Asheville Regional Airport

Coordinates: 35°26′10″N 082°32′30″W / 35.43611°N 82.54167°W / 35.43611; -82.54167
From Wikipedia, the free encyclopedia

Asheville Regional Airport
Airport typePublic
OwnerCity of Asheville
OperatorAsheville Regional Airport Authority
ServesAsheville, North Carolina
LocationAsheville, North Carolina[1]
Opened1961 (1961)
Operating base forAllegiant Air[2]
Elevation AMSL2,164 ft / 660 m
Coordinates35°26′10″N 082°32′30″W / 35.43611°N 82.54167°W / 35.43611; -82.54167 Edit this at Wikidata
FAA airport diagram
FAA airport diagram
Direction Length Surface
ft m
17/35 8,002 2,439 Asphalt
Aircraft operations (year ending 3/31/2023)80,199
Based aircraft (2023)132
Passenger volume (2023)2,246,411

Asheville Regional Airport (IATA: AVL, ICAO: KAVL, FAA LID: AVL) is a Class C airport near Interstate 26 and the town of Fletcher, North Carolina, 9 miles (14 km) south of downtown Asheville. It is owned by the Greater Asheville Regional Airport Authority.[3] The Federal Aviation Administration (FAA) National Plan of Integrated Airport Systems for 2019–2023 categorized it as a small-hub primary commercial service facility.[6] In 2023 it served an all-time record number of passengers for the airport, 2,246,411, an increase of 22.2% over 2022.[7]

The airport opened initially with a 6500-foot runway in 1961, replacing the former airport at 35°26′20″N 82°28′52″W / 35.439°N 82.481°W / 35.439; -82.481 (Former airport serving Asheville).


Allegiant Air MD-83 and Delta Air Lines Airbus A319 at respective gates

Asheville Regional Airport covers 900 acres (360 ha) and has one asphalt runway measuring 8,002 ft × 150 ft (2,439 m × 46 m).[3][8]

In the year ending March 31, 2023, the airport had 80,199 aircraft operations, average 220 per day: 59% general aviation, 13% air taxi, 22% airline, and 6% military. At that time, 132 aircraft were based at the airport: 113 single-engine, 10 multi-engine, 7 jet, and 2 helicopter.[3]

The airport sees the following jet airliners regularly:

A Concorde supersonic transport (SST) visited AVL during a 1987 promotional tour and was snowed in overnight. Chartered Boeing 747s (operated by United Airlines) have visited, as has an Airbus A340 during the visit of Charles, Prince of Wales, to the nearby Biltmore Estate in 1996. AVL's 8,002-foot (2,439 m) runway can handle almost any aircraft.

In April 2010, President Barack Obama and First Lady Michelle Obama landed in Asheville aboard a Boeing C-32 (the USAF version of the Boeing 757-200) for a weekend getaway. In October 2011 President Obama landed in Asheville in the larger Boeing VC-25 (the USAF version of the Boeing 747-200) to kick off his North Carolina and Virginia bus tour promoting his jobs bill. He gave a speech at the airport, and cited potential enhancements at the airport as part of the jobs push.[10] President Obama returned to Asheville on February 13, 2013, on the same aircraft for a brief visit and speech at a nearby manufacturing facility.

The terminal building opened on June 7, 1961[11] (the airport opened in January 1961[12]). A $20 million expansion and renovation project began in 1987. The expansion project was completed in 1992, which resulted in an expansion of the ticket lobby, baggage claim area, and administrative office space. A second-level boarding area and jetways were constructed, as well as an atrium to the existing lobby. The second-level boarding area was removed and the ground-level boarding areas were expanded and renovated in 2003, designed by McCreary/Snow Architects, PA and built by Wilkie Construction Company, Inc.[13] In 2009, $17.8 million of improvements were completed, including a Guest Services center, an additional baggage carousel, rental car desks, offices and security enhancements. In November 2017, a new 1,300-space parking deck opened in front of the airport terminal.[14]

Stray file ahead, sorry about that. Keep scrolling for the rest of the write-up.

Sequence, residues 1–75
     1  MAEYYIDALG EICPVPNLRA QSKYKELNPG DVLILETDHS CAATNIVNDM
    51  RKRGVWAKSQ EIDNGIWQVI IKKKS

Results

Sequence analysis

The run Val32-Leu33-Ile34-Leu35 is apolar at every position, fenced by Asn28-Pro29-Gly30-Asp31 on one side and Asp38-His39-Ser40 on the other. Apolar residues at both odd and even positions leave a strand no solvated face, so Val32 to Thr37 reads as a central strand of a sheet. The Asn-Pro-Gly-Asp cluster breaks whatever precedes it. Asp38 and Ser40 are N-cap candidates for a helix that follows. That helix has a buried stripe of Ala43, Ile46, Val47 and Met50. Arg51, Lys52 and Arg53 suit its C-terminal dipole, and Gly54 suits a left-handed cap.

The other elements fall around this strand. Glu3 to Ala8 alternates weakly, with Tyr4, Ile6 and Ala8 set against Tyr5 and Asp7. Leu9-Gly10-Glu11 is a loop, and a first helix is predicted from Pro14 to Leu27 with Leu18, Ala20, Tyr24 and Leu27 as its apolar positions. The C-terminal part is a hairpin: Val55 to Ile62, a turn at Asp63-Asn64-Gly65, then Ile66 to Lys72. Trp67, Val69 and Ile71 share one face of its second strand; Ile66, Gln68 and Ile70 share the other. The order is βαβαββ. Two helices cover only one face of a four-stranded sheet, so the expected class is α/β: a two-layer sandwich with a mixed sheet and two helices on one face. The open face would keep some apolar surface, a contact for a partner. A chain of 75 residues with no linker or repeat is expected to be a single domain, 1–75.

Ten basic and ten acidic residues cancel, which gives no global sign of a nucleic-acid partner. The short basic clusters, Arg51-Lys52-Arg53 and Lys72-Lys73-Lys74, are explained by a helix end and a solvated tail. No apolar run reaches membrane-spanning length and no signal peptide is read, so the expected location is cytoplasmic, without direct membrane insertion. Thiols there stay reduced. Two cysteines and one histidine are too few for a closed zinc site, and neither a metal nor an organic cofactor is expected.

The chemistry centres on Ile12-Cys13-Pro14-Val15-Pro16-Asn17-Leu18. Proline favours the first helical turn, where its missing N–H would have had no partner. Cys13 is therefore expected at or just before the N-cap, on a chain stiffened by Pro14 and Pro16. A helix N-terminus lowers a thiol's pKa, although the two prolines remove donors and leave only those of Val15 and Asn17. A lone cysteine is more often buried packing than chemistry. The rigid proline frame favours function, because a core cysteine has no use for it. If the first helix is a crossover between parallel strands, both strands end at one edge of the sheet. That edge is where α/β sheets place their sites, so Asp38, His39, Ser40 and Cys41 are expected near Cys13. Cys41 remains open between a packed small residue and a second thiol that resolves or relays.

As part of Project SOAR (Significant Opportunity for Aviation in our Region), a major airport improvement project, the existing runway (which was over 50 years old) was nearing the end of its useful life and required major reconstruction to continue its use into the future. Also, the existing runway did not meet the most current Federal Aviation Administration (FAA) requirements that were put in place long after the runway was originally constructed. In December 2015, a temporary runway was opened west of the existing runway (16/34). The temporary runway 35 Instrument Landing System (ILS) is operational, and Precision Approach Path Indicators (PAPI) are available on both ends of the runway. The runway magnetic compass heading has shifted slightly over the years, and runway 16/34 has been renamed to runway 17/35.[15] The new runway entered service on November 5, 2020.[16]

In 2023 the airport began work on a multi-phase renovation and expansion of the terminal building. The new terminal will include 280,000 square feet, 150% larger than the current space, with 12 gates instead of the current seven and additional room for expansion. The renovated and expanded terminal is being constructed on the site of the existing terminal, necessitating a multi-year approach to its construction. The old terminal is being demolished, starting with the north end first.[17] The project also includes the construction of a new air traffic control tower on the southwest edge of the airport. Construction on the $44 million, 127-foot tower began in 2023 and is scheduled for completion in 2025. [18]